template <class T> class CtorInit
    T m_Value;

    // no list
    CtorInit(const T& t) // m_Value default ctor called here automatically
        m_Value = t; // m_Value assignment operator called

    // with list
    CtorInit(const T& t) : m_Value(t) { } // m_Value copy ctor called
The drawback to using initialization lists is that there's no way to do error checking on incoming values. In the "no list" example we could do some validation on t within the CtorInit function. In the "with list" example, we can't do any error checking until we've actually entered the CtorInit code, by which time t has already been assigned to m_Value. There's also a readability drawback, especially if you're not used to initialization lists.

Nevertheless, these are good performance gains, particularly for the complex object. This type of performance can outweigh the drawbacks.

3.5: Use Operator= Instead of Operator Alone

One of the great things about C++ is the ability to define your own operators. Rather than coding strC = strA; strC.append(strB); you can code strC = strA + strB. The notion of "appending" is conveyed much more simply and precisely using operator +. One thing to keep in mind, however, is that operator + returns a temporary value that must be both constructed and destructed, whereas operator += modifies an existing value. In fact, operator + can usually be defined in terms of operator +=.

T T::operator + (const T& t)
    T result(*this); // temporary object
    return (result += t);

It's typically more efficient to use += instead of + alone, because we avoid generating a temporary object. Consider the following functions. They give the same result, but one uses + alone and the other uses +=

template <class T> T OperatorAlone(const T& a, const T& b)
    T c(a + b);
    return (c);

template <class T> T OperatorEquals(const T& a, const T& b)
    T c(a);
    c += b;
    return (c);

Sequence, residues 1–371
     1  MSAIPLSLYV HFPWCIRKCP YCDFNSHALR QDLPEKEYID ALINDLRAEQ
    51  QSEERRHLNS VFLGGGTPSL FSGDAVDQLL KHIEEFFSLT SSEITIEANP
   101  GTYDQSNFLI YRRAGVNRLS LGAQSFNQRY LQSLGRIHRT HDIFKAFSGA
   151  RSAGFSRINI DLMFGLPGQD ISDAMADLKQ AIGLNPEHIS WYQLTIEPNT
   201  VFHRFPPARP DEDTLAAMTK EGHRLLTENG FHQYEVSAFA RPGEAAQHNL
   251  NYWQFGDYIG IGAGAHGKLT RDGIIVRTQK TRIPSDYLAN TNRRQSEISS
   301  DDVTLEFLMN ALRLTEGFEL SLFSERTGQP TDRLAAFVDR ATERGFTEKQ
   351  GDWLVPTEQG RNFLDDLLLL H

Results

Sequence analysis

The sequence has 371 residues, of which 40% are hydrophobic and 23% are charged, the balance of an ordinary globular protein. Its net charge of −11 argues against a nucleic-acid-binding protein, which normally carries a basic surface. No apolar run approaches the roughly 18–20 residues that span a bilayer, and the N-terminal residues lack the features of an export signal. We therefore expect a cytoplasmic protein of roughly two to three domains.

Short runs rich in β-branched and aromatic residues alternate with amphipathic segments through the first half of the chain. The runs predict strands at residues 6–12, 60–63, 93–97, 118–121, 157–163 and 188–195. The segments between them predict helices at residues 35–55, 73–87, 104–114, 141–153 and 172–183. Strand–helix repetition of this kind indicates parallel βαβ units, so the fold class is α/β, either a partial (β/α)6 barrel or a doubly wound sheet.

For intrinsic types, + alone gives better results, but for non-trivial classes, especially classes with costly construction time, += is the better choice.

3.6: Use Prefix Operators

Objects that provide the concept of increment and decrement often provide the ++ and - - operators. There are two types of incrementing, prefix (++x) and postfix (x++). In the prefix case, the value is increased and the new value is returned. In the postfix case, the value is increased, but the old value is returned. Correctly implementing the postfix case requires saving the original value of the object - in other words, creating a temporary object. The postfix code can usually be defined in terms of the prefix code.

const T T::operator ++ (int) // postfix
    T orig(*this);
    ++(*this); // call prefix operator
    return (orig);

The clear recommendation: avoid postfix operators. In fact, you may want to declare the postfix operators in the private section of the class so that the compiler will flag incorrect usage for you automatically.

Strings aren't included in the results because increment doesn't make sense for strings. (It doesn't really make sense for bitmaps, either, but I defined increment to increase the width and height by one, forcing a reallocation.) Where this recommendation really shines is for mathematical objects like complex. The prefix operator is almost 50% faster for complex objects.

3.7: Use Explicit Constructors

Explicit is a recent keyword added to C++ and now part of the language standard. This keyword solves the following potential problem. Suppose you have the following class:

class pair
    double x, y;
    pair(const string& s) { . . . }
    bool operator == (const pair& c) const { . . . }

Now suppose you do the following comparison, either purposefully or accidentally:

pair p;
string s;
if (p == s) { . . . }

Your compiler is pretty smart. It knows how to compare two pairs because you told it how in the pair class. It also knows how to create a pair given a string, so it can easily evaluate (p == s). The drawback is that we've hidden the second pair constructor - it's implicit. If that constructor is expensive, it's difficult to see that's it's being invoked. Worse, if we made a mistake and we didn't really want to compare a pair with a string, the compiler won't tell us.

My advice: make all single-argument constructors (except the copy constructor) explicit.

explicit pair(const string& s) { . . . }

Now the (c == s) line will give a compiler error. If you really want to compare these guys, you must explicitly call the constructor:

if (p == pair(s)) { . . . }

Using explicit will protect you from stupid mistakes and make it easier for you to pinpoint potential bottlenecks.